Chef Marshall is a realist, so he’s up-front in acknowledging that it’s often necessary to use convenience (packaged) foods to supplement home cooking when your schedule gets busy. Everyone wants to make smart choices in convenience foods, but with marketing splashed all over the packages – the latest nutritional buzz words, colors, celebrity images – determining exactly what is in the packages can be frustrating and time-consuming. What’s the answer? If you want to empower yourself to choose more nutritious packaged foods, learn to read the nutrition labels and ingredients lists.
The front labels on food packages can be misleading, with claims of health benefits that are typically exaggerated and slanted toward selling what’s in the box. You should evaluate the contents with nourishing (not just eating) in mind. Eating is simply consuming food, while nourishing is about choosing foods that contain nutrients that will help your body and mind grow stronger and perform better.
Here are some common misleading claims found on food products, along with the truth about what they may contain:
“All natural” – The product may not contain any artificial colors, flavors or ingredients, but the product could contain strange natural preservatives, added sodium and even high fructose corn syrup.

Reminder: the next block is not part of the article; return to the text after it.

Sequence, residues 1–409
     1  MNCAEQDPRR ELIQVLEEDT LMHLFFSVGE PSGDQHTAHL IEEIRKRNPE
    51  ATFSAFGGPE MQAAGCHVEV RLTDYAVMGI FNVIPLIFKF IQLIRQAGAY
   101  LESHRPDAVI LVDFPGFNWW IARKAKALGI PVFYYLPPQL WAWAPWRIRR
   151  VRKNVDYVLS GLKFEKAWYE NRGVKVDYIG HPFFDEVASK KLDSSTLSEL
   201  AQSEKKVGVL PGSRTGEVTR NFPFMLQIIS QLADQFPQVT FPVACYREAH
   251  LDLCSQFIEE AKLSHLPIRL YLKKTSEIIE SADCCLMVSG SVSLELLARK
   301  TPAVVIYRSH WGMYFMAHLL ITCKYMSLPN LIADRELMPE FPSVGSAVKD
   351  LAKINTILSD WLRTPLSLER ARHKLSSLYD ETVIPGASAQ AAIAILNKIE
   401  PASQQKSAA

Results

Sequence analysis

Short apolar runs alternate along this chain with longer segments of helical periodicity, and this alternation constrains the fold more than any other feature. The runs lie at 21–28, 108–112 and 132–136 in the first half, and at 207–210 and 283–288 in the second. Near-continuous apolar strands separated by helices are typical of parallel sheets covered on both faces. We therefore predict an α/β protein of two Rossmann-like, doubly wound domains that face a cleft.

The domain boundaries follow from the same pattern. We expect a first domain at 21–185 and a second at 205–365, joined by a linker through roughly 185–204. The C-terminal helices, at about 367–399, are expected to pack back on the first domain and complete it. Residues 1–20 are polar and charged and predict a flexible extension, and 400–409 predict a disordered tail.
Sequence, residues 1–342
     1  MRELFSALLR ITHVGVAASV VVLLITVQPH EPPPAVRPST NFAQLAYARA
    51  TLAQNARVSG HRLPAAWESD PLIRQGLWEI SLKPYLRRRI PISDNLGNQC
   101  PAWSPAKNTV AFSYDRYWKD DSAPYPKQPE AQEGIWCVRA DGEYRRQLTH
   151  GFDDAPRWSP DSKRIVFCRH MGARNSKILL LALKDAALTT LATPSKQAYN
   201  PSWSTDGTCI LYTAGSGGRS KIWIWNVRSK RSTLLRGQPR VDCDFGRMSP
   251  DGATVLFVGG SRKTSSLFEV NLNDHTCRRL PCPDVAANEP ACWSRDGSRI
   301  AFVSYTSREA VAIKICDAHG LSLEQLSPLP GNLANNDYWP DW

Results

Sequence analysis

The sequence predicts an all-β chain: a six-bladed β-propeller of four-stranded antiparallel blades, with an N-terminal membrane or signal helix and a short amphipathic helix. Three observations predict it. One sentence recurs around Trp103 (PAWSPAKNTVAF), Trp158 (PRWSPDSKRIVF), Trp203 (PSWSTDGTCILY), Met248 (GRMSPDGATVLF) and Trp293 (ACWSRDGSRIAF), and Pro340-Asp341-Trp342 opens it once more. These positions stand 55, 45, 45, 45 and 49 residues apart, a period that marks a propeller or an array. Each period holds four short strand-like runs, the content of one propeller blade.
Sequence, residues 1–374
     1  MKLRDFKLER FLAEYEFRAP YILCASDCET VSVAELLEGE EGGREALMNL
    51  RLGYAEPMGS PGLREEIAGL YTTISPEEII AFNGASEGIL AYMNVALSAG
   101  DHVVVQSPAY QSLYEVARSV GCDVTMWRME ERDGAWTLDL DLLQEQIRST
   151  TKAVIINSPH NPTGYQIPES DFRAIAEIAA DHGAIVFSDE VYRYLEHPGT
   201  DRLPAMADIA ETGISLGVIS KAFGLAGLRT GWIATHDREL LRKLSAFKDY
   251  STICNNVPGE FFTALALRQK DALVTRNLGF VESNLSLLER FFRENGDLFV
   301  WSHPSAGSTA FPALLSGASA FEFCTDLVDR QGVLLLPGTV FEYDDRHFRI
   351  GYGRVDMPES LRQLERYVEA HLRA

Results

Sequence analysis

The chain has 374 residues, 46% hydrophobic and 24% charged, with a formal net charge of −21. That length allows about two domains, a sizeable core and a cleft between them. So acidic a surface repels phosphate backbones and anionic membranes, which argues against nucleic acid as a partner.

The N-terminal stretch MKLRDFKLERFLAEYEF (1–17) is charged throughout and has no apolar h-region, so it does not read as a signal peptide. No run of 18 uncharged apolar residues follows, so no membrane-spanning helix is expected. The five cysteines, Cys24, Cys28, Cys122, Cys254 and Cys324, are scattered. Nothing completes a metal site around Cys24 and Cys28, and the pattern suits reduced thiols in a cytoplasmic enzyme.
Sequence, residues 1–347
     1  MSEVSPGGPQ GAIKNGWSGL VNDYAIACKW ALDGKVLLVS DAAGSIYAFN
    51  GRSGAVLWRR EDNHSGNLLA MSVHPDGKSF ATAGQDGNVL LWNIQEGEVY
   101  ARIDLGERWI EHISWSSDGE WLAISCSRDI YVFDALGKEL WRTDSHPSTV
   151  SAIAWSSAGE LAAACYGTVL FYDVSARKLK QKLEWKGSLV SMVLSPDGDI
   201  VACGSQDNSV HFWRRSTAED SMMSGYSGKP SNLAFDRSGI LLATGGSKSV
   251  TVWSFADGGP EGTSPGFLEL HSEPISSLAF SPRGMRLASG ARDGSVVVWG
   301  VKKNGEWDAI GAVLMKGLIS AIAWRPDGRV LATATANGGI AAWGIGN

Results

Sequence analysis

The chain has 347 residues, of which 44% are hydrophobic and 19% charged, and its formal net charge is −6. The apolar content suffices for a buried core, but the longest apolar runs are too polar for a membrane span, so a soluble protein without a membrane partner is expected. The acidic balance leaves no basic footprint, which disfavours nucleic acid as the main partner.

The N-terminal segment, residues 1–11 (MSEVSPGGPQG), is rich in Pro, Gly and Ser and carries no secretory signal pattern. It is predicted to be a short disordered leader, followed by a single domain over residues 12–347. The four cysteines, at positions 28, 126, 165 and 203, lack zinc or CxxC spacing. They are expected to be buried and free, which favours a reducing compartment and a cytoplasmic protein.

“Multi-grain” – Instead of multi-grain, choose whole grain or 100% whole wheat. Multi-grain products may be refined, which eliminates the benefits derived from whole grain. Also, dark-colored breads and crackers may contain added colors and sugars to make them appear healthier than they are.
“Light” and “fat-free” – While these claims are appealing to those watching their weight, many of these items are not lower in calories. In many cases, added sweeteners or sodium are added to compensate for the lack of flavor caused by removing the product’s fat.
Misleading serving sizes – Pay attention to the listed serving size, which may be unrealistically small for most people. While the new nutrition label standards are changing this, some manufacturers are still listing small portion sizes in order to claim lower fat and calories (0 grams trans fat per serving, etc.). Watch this video of Chef Marshall analyzing this on Fox9 television with his meteorologist friend Cody Matz.
“No Added Sugar” – Food manufacturers frequently use fruit purees to help sweeten food. While it is true that this isn’t conventional sugar, it is still added sugar, even though it’s fruit. Look for items with less than 10 grams of sugar per serving but beware of those that claim to be “sugar-free” since these products may have substituted other ingredients that are not lower in calories. Also, real sugar is sometimes replaced with sugar alcohols, which can cause digestive problems.
Look for recognizable ingredients. Bottom line: If a package lists unidentifiable ingredients, avoid it because it may be difficult for your body to process those ingredients. Our bodies are designed to process and thrive on real food.